Simplifying the supplement aisle!
We’ve all been there. Staring at the shelf full of supplements, some pretty, some bright & shiny, all confusing. And while it might seem helpful to have staff on hand to explain what they know of the differences (though it’s hit and miss whether the employees know anything about them), it can still be overwhelming. How ‘bout a little help?
First of all, abandon the concept of finding the “One pill with everything” or a "Miracle in a bottle". It doesn’t exist. And if there is such a product on the shelf claiming to contain every vitamin and mineral that you might need, have a good look at how much of each component is in there (not to mention how big the capsule is!). If a product hosts a laundry list on the back, chances are each component is present in such small amounts that you’d have to take a dozen just to meet the recommended daily requirements. After all, there’s only so much room in the capsules...
Another important thing to think of is that rather than simply stocking up with cheap supplements in the drug store, make sure to go for high quality. Yes it costs more, but it's really worth it to avoid the additives, binders, etc. that are often included in low cost pills. Supplements you get from you Naturopath are sometimes more expensive, but they are much better quality, usually free of fillers, and you can trust that the ingredients are pure and often organic. This means you usually need to take less to get the same/better effect, which ultimately costs less in the long run. If you are determined to go at it on your own, please be mindful of this to avoid wasting your money and time!
There are certainly several supplements that are considered safe for the majority of people and that may help to promote/maintain good health/prevent certain disease processes. These include:
Essential Fatty Acids (EFAs) - omega 3 and omega-6 fatty oils that the human body is unable to produce, and which must be obtained from the diet (from vegetable oils, avocado, nuts, seeds, fatty fish). EFAs are important for brain/neurological health, cell membrane maintenance and to down-regulate inflammation.
Vitamin D is useful for the health of bones, muscles and the immune system, and it’s gaining increasing credit for decreasing the risk of certain cancers, infections and MS.
Probiotics are the heathy bacteria that live in our digestive tracts. They have many roles including, maintaining healthy digestive function, preventing colonization by potentially harmful bacteria, regulating immune responses, helping treat skin diseases such as eczema, and potentially for preventing allergies when taken by pregnant women.
A few recommendations* for certain groups of individuals may include:
Iron: Important for red blood cell health, and lost each month with menstruation
B Vitamins: Important for stress reduction & hormone regulation (and are depleted by birth control pills)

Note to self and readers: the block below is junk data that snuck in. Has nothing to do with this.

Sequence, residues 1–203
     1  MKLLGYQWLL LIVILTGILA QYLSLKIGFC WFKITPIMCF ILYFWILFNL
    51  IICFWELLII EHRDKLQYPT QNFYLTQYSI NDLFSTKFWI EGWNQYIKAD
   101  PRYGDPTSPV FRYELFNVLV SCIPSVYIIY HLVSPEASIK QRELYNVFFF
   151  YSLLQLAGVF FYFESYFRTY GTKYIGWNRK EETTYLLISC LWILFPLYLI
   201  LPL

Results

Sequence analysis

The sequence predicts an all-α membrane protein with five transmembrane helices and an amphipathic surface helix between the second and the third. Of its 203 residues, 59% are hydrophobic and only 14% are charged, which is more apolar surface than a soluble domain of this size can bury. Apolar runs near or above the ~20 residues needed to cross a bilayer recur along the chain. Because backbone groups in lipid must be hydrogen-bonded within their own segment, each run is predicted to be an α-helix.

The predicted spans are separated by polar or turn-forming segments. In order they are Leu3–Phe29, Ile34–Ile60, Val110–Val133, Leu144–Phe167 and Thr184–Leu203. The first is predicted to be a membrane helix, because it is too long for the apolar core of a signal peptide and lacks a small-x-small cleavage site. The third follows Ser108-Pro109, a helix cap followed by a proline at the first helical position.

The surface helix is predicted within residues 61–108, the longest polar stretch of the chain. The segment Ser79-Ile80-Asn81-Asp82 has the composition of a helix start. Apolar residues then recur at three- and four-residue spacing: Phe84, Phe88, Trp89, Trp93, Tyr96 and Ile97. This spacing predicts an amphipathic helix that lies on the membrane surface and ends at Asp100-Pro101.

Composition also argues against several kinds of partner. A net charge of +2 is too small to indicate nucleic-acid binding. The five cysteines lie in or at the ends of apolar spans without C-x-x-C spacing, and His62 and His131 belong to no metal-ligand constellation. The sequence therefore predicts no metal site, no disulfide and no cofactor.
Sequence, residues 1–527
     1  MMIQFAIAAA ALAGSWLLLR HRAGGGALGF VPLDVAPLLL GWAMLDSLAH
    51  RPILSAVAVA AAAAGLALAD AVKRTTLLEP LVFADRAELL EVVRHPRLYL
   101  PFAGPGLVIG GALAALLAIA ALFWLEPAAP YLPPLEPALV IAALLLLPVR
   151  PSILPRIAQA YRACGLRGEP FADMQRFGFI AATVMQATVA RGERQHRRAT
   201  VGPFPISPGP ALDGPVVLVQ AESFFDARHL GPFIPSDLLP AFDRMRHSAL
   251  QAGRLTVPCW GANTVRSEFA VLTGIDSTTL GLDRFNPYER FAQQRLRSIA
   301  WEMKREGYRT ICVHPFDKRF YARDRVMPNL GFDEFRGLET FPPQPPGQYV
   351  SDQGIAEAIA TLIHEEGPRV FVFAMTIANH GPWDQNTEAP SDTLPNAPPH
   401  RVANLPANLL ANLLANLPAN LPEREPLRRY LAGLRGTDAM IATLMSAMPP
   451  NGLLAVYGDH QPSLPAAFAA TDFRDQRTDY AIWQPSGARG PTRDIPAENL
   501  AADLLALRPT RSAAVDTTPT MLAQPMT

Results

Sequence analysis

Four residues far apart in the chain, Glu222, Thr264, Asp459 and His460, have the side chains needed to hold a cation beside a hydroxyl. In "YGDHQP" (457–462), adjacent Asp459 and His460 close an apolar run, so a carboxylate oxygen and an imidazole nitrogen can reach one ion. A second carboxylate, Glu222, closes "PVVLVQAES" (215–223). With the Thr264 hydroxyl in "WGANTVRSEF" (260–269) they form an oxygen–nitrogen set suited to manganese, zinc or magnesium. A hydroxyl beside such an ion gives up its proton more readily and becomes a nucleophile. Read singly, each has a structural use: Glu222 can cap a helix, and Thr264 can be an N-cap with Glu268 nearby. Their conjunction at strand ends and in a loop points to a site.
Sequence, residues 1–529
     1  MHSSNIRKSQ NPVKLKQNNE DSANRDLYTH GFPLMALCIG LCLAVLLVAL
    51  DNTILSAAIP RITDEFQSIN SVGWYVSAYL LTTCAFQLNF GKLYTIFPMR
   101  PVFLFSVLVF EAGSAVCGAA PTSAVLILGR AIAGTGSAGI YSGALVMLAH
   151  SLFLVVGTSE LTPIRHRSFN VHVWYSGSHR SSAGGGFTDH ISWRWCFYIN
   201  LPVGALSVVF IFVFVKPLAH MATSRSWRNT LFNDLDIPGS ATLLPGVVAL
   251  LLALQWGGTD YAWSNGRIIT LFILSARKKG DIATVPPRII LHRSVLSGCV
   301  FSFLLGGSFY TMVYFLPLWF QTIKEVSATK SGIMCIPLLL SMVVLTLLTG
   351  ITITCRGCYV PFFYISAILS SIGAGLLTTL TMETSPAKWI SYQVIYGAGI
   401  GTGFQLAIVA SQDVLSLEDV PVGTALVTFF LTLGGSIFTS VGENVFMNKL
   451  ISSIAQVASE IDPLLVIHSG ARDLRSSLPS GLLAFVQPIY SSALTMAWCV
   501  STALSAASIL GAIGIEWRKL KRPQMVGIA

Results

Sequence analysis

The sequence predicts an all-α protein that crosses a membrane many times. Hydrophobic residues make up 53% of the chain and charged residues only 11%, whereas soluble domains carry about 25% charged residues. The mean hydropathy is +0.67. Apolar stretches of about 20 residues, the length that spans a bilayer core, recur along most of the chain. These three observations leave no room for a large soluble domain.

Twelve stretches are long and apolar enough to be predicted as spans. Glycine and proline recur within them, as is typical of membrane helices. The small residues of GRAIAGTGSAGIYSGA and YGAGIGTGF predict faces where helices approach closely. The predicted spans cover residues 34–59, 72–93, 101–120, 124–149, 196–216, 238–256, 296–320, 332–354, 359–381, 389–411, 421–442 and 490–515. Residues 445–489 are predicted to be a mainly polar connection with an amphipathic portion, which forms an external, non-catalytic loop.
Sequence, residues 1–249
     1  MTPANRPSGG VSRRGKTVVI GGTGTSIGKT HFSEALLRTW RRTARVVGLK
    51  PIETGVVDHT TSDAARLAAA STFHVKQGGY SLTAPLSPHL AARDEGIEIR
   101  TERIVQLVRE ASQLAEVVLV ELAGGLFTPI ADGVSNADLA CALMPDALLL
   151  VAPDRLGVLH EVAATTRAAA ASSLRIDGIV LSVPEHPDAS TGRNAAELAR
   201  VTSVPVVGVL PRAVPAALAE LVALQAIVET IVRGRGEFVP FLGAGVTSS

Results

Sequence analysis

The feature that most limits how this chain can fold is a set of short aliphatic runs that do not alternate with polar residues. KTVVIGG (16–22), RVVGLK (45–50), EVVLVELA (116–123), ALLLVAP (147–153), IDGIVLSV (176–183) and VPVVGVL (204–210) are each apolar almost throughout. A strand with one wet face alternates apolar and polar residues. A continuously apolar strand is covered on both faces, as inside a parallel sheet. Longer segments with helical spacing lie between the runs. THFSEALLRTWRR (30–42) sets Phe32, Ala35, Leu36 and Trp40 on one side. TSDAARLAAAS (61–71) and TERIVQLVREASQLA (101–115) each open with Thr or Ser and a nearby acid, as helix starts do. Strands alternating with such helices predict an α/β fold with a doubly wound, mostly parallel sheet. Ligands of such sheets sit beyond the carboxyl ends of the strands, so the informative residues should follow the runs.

Bone Building/Maintaining supplements (Calcium, Magnesium, etc): To help maintain bone density
Prenatal Multivitamin: For those considering pregnancy; protective against many birth defects, particularly neural tube defects
Bone Building/Maintaining supplements: To prevent loss of bone density, which decreases with age.
Vitamin D: Helps support muscle, bone and immune health
Vitamin B12: Important for nerve and red blood cel health, and not well absorbed (therefore may be deficient) if individuals have low stomach acid (common for many seniors)
CoQ10: Important for a healthy heart and energy production, and depleted by multiple medications (including statins)
Vitamin B12: Essential for nerve and red blood cell health, and mainly found only in animal foods
Iron: Important for red blood cell health; insufficient amounts can result in anemia
Calcium: A supplement required for healthy bones and muscles, and may be depleted if one avoids all dairy (though this is available in ample vegetarian foods, for example kale, almonds, salmon, sardines)
Zinc: Important for immunity, as well as hair, skin and nail health (needs easily met by consuming nuts, seeds, beans, fortified cereal)
Certain medications are known to deplete nutrient levels in the body, common ones include, but are not limited to:
Statins (lower cholesterol): deplete CoQ10
Anticonvulsants (manage seizures): reduce calcium, vitamins D & K and folic acid
Metformin (used in the management of Type II Diabetes): depletes B12 levels
Birth Control Pills: deplete Vitamins B & C as well as folic acid
Methotrexate (used in autoimmune disorders and some cancers): deplete folic acid
Antacids/Acid Suppressors: interfere with calcium, Vitamin B12, iron and zinc absorption
Finally, remember that supplements are just that - a supplement to a healthy diet. Pills aren’t going to fix an unhealthy dietary lifestyle, and they shouldn’t be taken to replace real food. A healthy diet is made up of healthy organic/local fruit, vegetables and protein, whole grains, raw nuts and seeds, good fats and plenty of pure water. After all, a plate of real food is much more enjoyable and palatable than a bottle of capsules/powders...
* While generalizations are easy to make, each individual’s needs are specific, and I would certainly recommend that you talk to your own Naturopathic Physician for specific supplement recommendations, as well as appropriate dosages for your own needs!
Dr Katarine Holewa